We heard from immigrant women about the impacts of Alabama’s anti-immigrant law, HB56, as well as the Secure Communities and 287g programs. The stories women shared demonstrated that these policies deeply undermine the dignity and well-being of women and children—and that immigrant women are fighting back with tremendous leadership and courage. Our delegates wrote a powerful statement on what they heard, presented it at a public media/community roundtable, and delivered hundreds of children’s letters to Alabama youth, letting them know that they’re not alone in the struggle. NDWA staff and affiliates led capacity-building trainings for two local groups of immigrant women who have become leaders of the movement. Many of these women are domestic workers interested in affiliating with NDWA and plan to join us at our upcoming National Congress in Washington DC in May.
This delegation was a great success. NDWA deepened the commitment of women leaders in diverse sectors to take action; generated important media coverage about the impact of immigration policies on women; and built relationships in a state where NDWA previously had no on-the-ground presence. NDWA also drew deep inspiration from the fighting spirit of immigrant women in Alabama. Laws like HB56 are designed to tear us apart, but are actually bringing us together and feeding the fire of powerful organizing!
In conjunction with the Caring Across Generations Campaign, NDWA helped organize a wildly successful Care Congress in Seattle on February 11th. Over 200 care givers, consumers, union members, elected officials and community allies came together to share stories, commit to building an economy of care and building a strong, lasting movement.
More than a dozen community organizations collaborated on the Congress, including these groups whose leadership was key to the effort: Casa Latina, Washington CAN!, SEIU Local 775, the Puget Sound Alliance for Retired Americans and NDWA.
Domestic workers and Seattle City Councilman Nick Licata shared their testimony and stories, and leaders from Jobs with Justice and NDWA were among those providing important national political context and analysis.
Over a two-year period (2011-2012) Care Congresses are planned for a total of 15 cities. This summer, Congresses will be held in Southern California (May 6), New York (June 3), Chicago (June), Baltimore (July), Washington DC (July 12), Denver (TBA), Miami (TBA) and Albuquerque (TBA).
NDWA leaders are the experts on domestic work that our movement has been waiting for! Launched in 2010, our Research Team has just completed the collection and review of surveys from over 2,000 domestic workers in 14 cities across the country. Twenty-seven organizations and organizing projects were involved in this participatory research project, which will produce a landmark report on domestic work this summer.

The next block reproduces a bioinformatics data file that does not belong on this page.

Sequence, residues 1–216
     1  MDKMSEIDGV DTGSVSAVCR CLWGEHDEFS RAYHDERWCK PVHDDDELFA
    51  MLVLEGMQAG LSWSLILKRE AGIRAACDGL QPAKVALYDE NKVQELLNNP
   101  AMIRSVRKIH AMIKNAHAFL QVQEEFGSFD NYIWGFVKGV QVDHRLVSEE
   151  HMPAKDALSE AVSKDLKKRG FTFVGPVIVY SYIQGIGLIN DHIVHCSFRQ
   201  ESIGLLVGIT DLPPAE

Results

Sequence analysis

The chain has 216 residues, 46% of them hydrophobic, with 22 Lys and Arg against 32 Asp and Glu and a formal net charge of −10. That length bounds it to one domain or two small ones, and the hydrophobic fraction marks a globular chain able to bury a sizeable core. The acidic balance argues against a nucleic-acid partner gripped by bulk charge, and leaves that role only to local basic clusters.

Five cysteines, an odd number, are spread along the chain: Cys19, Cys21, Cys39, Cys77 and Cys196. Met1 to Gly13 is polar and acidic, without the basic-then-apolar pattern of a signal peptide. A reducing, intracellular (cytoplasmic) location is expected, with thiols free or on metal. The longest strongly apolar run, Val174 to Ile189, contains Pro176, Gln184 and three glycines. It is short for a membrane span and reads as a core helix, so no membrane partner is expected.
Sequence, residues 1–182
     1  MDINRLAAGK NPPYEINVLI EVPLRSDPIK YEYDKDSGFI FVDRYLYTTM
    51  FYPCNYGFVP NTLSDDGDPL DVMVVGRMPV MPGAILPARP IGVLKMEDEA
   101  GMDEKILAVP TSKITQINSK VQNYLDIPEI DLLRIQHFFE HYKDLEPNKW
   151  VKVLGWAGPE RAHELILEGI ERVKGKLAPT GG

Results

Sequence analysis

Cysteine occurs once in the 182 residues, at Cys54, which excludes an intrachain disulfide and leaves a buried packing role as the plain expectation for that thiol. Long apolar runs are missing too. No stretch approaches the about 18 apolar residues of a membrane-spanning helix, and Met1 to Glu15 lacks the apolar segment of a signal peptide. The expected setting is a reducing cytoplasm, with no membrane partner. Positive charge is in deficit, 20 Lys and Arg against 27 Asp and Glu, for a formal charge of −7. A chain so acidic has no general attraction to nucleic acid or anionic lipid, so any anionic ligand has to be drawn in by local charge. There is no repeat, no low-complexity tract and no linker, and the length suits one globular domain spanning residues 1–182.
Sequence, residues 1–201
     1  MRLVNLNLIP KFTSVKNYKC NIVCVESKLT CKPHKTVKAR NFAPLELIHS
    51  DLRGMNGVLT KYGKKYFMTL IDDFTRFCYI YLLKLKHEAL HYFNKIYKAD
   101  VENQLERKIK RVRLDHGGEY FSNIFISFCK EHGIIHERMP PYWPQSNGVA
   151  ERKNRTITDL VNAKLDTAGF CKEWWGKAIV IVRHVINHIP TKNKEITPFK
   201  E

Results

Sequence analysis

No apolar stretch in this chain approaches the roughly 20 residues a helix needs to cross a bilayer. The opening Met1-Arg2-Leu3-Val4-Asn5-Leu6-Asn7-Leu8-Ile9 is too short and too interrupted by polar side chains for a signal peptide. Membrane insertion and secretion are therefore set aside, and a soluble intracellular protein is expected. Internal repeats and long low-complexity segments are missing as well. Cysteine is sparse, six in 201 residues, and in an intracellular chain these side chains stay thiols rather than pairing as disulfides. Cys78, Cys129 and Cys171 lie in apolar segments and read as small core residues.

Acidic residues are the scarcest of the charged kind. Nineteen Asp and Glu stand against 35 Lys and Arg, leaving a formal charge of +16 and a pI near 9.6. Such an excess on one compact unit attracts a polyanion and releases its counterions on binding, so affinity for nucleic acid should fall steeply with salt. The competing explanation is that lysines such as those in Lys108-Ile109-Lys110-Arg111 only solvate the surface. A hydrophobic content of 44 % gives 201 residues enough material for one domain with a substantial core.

The Research Team — including NDWA and our partners from DataCenter and the Center for Urban Economic Development at the University of Illinois, Chicago, and anchor organizations La Colectiva, IDEPSCA (Instituto de Educacion Popular del Sur de California) and Domestic Workers United — gathered in January for a 4-day workshop to review the preliminary data and move the project on to its next stage. The stories we heard from domestic workers and participatory research experience are helping to paint a much more detailed understanding of the issues domestic workers face and opportunities in our organizing. The survey component itself involved training surveyors and developing strategies to reach a broad cross-section of nannies, housekeepers and caregivers in each of the target cities.
In the months ahead, the team will complete the data analysis, conduct additional structured interviews in several cities to gather more stories from domestic workers, and draft and finalize a written report based on our findings. This report will have a public release on June 16th, the anniversary of the Domestic Worker Convention at the International Labor Organization.
NDWA will host our 5th annual National Member Congress in Washington DC this May. This gathering is one of the highlights of our year and will bring over 400 domestic workers from over 19 cities together to build relationships, develop skills, learn about our history and issues that impact domestic workers, hear from important partners in our movements, and take collective action. Held May 19-21, the Congress will include a day of corporate accountability actions, lobby visits and congressional hearings connected to the Caring Across Generations Campaign; keynote remarks from leaders and movement partners such as Rep. Barbara Lee*, Rev. James Lawson*, US Secretary of Labor Hilda Solis*, Van Jones* and Devious Maids*; and a cultural celebration and dance party. Allies and supporters can join us for certain sessions during our three-day event, including our day of action at the Capitol in partnership with National People’s Action and the 99% Spring!